By Paul Fletcher, Dolan Media Newswires
RICHMOND, VA – Twenty-five years ago, law practice looked very different from today.
Consider the accoutrements that a lawyer in 1986 did not have:
- A laptop computer
- A tablet computer such as an iPad
- A cell phone
- The Internet
- Online research (although the firm might have a new Westlaw or Lexis terminal in the firm library) .
What the 1986 lawyer did to work with clients and solve legal problems wasn’t too different from what the 2011 lawyer does today. It just requires different tools.
So what will law practice be like in two, five, 10 or 25 years?
The New York State Bar Association has just published a comprehensive and sure-to-be influential report from its Task Force on the Future of the Legal Profession.
At the onset of the recent recession, many lawyers could tell that law practice would be different when the downturn ran its course. They just weren’t sure what the other end would look like.
And they still may not know. But the NYSBA task force took a global look at law practice, both in New York and throughout the U.S., to draw that picture.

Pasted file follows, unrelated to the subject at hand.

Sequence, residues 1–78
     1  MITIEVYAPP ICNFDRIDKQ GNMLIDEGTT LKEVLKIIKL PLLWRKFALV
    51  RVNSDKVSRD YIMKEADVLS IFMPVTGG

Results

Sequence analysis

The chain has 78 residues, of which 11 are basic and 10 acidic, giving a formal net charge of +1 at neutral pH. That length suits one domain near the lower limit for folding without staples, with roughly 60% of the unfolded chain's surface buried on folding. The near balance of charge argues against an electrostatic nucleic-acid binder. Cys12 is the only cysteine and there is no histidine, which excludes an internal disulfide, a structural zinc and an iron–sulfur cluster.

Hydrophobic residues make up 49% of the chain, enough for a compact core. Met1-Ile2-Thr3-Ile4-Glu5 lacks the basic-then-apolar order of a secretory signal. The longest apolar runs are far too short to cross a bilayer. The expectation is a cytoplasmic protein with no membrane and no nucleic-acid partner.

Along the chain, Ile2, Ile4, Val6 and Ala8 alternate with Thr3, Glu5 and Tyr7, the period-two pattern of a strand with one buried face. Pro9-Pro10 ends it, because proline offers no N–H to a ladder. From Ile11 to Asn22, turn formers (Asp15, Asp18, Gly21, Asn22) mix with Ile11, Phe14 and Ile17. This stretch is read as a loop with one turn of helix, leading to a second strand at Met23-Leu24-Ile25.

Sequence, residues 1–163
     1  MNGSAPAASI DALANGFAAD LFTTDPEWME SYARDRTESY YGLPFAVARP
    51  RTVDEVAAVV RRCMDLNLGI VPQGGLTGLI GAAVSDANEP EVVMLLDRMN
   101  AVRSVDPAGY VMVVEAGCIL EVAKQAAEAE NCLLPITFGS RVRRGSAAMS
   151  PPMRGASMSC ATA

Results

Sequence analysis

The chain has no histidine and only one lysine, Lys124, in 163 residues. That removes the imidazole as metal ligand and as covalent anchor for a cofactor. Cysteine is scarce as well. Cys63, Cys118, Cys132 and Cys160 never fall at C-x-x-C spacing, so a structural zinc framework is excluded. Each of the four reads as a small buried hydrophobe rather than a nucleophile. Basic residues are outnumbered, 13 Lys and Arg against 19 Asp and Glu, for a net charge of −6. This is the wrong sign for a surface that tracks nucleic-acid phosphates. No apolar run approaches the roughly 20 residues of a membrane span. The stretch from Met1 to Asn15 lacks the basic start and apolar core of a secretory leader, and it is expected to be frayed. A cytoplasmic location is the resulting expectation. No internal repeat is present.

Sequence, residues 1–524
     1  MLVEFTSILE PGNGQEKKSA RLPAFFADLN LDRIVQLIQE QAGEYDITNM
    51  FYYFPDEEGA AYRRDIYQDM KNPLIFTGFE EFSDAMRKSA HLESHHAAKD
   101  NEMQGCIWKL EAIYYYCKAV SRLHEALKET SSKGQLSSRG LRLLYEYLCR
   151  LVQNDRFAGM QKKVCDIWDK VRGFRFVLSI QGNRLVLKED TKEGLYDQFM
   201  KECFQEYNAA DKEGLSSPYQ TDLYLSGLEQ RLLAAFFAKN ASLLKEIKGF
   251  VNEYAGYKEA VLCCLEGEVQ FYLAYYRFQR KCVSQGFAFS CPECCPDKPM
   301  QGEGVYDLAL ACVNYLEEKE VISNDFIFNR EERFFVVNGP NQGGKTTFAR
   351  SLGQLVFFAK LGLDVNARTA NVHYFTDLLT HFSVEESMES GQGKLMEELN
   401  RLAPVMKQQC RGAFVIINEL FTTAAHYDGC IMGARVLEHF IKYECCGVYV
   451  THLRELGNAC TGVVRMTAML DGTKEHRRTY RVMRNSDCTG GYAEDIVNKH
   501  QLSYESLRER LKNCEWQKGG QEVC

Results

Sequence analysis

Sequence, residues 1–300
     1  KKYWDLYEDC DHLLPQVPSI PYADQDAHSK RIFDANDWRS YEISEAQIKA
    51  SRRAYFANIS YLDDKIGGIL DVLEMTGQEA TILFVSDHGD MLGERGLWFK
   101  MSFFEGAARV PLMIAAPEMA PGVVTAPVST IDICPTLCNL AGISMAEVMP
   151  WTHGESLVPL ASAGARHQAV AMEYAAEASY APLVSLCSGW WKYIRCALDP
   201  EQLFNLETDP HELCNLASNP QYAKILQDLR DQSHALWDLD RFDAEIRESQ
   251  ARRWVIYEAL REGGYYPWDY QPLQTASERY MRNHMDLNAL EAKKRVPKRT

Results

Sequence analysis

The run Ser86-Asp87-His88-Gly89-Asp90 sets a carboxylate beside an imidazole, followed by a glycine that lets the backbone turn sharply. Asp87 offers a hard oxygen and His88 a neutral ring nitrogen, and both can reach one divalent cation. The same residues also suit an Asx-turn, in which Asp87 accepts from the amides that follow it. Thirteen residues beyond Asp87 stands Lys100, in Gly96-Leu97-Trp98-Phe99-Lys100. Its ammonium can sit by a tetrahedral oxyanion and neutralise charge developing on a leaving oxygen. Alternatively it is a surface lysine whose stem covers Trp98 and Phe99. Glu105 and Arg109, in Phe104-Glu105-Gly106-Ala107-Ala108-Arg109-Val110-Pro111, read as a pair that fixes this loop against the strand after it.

The task force examined four areas: law firm structure and billing, legal education and training of new lawyers, work-life integration and technology.
This piece will focus on the task force’s findings and recommendations on the last of these topics, technology.
Law firms should be careful not to focus on a “tools-first” approach to satisfying their technology needs, cautioned the task force.
Still, the current technological infrastructure, along with notable emerging tools, provide a good jumping-off point for discussion.
With the cloud, all applications and data are kept in a network of servers hosted off-site by a third party.
The upside is that the cloud makes it easy for lawyers and clients to connect.
Concerns about confidentiality and data security sometimes put a dark lining on the cloud, particularly for larger firms.
Sharon Nelson and John Simek of Sensei Enterprises in Fairfax, Va. keep their ears to the ground on technological issues. Simek said that “we are seeing a lot of movement” in the direction of cloud usage.